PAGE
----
Public release of contractor data delayed
- By Matthew Weigelt
- Jan 11, 2012
Contractors can still challenge information that goes into the Federal Awardee Performance and Integrity System, but they have just a two-week window before the information becomes public.
The new provision takes affect Jan. 17. The start date was missing when the final rule was published Jan. 3.
Any information that agencies enter into the database from Jan. 17 onward will be subject to a two-week delay before it is transferred to the publicly available part of FAPIIS. Past performance information won’t be published at all. Contractors will receive notice when new information about their company goes into FAPIIS, and they will have 7 days to point out information that should be exempt under the Freedom of Information Act.
In the new Federal Register notice, officials wrote that the delay until Jan. 17 will give agencies time to complete necessary system changes to support the two-week waiting period before contractors’ information goes live.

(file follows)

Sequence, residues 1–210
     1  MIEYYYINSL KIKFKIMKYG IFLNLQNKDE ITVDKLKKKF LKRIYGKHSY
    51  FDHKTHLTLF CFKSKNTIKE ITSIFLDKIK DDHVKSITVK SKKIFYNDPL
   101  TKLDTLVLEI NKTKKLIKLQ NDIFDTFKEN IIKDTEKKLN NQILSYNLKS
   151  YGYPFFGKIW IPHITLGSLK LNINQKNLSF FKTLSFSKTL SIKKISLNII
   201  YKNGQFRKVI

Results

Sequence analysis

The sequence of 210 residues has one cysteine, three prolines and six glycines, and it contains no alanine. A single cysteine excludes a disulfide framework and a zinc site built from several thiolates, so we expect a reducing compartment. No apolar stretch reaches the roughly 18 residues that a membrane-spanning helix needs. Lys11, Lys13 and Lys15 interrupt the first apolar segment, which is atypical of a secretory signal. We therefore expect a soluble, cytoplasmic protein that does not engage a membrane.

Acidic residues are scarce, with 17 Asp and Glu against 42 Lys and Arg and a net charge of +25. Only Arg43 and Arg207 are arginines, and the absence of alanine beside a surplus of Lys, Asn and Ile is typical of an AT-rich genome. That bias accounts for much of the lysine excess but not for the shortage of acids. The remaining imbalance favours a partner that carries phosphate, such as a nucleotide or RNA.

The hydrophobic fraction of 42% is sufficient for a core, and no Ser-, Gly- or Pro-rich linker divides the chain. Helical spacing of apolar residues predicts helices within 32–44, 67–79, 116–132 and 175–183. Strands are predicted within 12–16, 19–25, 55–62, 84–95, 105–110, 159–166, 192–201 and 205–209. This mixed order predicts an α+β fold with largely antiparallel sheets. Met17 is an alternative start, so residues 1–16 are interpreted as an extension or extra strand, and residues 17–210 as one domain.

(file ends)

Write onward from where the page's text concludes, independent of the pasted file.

The current system is designed to automatically transfer information to the publicly available part of FAPIIS. Until officials make the change, companies would not have an opportunity to request withholding the information, the notice states.
FAPIIS is a one-stop website for contracting officers and federal employees to look at the history of companies’ work with the federal government. It includes data from the Performance Information Retrieval System, as well as information from other databases, including the Excluded Parties List System, which cites companies that are suspended or debarred from federal contracting.
The final rule gives companies seven days to find any information that should not be disclosed because it should be considered exempt. In such a case, officials will remove the information from FAPIIS to resolve the issue.
If the government official does not remove the item, it will be automatically released to the public website within 14 days after beginning entered into FAPIIS, according to the notice.
Matthew Weigelt is a freelance journalist who writes about acquisition and procurement.